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Telescopes and space missions

Telescopes and space missions

Neil deGrasse Tyson makes the case for space exploration

25 Apr 2012

Neil deGrasse Tyson's new book Space Chronicles: Facing the Ultimate Frontier (2012 W W Norton) is a collection of essays, articles and Tweets focused on the need to pursue space exploration. Aaron Leonard met with him recently in his office in the Museum of American History in New York City to discuss the book, his commitment to space exploration, the size of the Sun, and the importance of curiosity

Neil deGrasse Tyson

One of the most common arguments against space funding is “We shouldn’t be spending money on space exploration until we fix things down here.” How do you respond that?

Often the person uttering that statement is missing important information. Let’s look at how much money we are spending “down here”. Typically, the person involved is concerned about the plight of the human condition, so maybe you would look at the US federal budget for monies that are allocated to social services or education. When you combine just those two, for example, you find that the US government allocates about 50 times as much money to those programmes than it does to NASA. So it is not an either/or. We are spending vastly more money on these things than we are on NASA. NASA is getting, as a fraction of the tax dollar, one-half of 1%. That paid for the space station, the space shuttles, the NASA centres, the astronauts, the Hubble Space Telescope and the Mars rovers. Now, you may not want to spend that money on space, but the very premise of the question is false.

What are the benefits of space exploration?

I know of no force of nature or culture as great as the urge to explore the cosmic unknown. If a nation says “We’re going to do this in a big way”, and in so doing advances the space frontier, that is a call to all the innovators who are out there who previously had no place to put their innovative energies. The NASA portfolio involves biologists, chemists, planetary geologists, astrophysicists, physicists, plus mechanical, electrical and aerospace engineers. All these frontiers are represented. If you stand in front of a classroom and say “We are going to Mars and I need all of these frontiers, who’s coming with us?”, you are going to get the best.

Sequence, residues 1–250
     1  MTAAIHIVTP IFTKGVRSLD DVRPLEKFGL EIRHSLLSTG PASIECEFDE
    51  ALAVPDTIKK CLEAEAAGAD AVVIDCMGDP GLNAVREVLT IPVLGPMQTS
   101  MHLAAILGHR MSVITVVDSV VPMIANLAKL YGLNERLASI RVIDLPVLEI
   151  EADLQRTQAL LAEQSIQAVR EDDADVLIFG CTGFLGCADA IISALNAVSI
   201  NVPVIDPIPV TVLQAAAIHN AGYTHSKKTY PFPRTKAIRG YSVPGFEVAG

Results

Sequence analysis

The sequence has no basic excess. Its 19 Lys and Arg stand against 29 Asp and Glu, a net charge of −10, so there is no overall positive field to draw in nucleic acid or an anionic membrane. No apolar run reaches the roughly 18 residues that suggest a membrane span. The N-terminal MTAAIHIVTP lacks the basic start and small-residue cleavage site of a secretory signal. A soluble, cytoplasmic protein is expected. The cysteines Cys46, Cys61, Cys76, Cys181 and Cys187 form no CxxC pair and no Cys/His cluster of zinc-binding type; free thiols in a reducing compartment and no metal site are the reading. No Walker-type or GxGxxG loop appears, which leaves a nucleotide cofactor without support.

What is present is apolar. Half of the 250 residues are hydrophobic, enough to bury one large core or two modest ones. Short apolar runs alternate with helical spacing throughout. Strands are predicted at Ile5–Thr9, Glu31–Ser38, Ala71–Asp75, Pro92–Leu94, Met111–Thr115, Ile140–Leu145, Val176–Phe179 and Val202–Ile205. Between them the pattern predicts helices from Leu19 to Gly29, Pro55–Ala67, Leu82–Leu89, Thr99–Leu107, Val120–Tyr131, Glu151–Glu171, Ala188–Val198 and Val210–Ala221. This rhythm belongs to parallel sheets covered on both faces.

It is my opinion that if you go to space in a big way – and people know that requires innovation, discovery and achievements that are writ large in the daily newspapers – it will influence the culture in such a way that even if you are not personally engaged in space exploration, you will still want to innovate. Big, grand visions have the power to trigger a wave of innovation. If you go into space in a big way, it creates a seductive dream for the educational pipeline. You won’t need programmes to convince people that science is an interesting thing to do, they will be compelled to want to do it simply by reading the day’s headlines.

Does that also hold for other countries? There are a lot of other countries that have the economic base to reach for space and some are actually trying…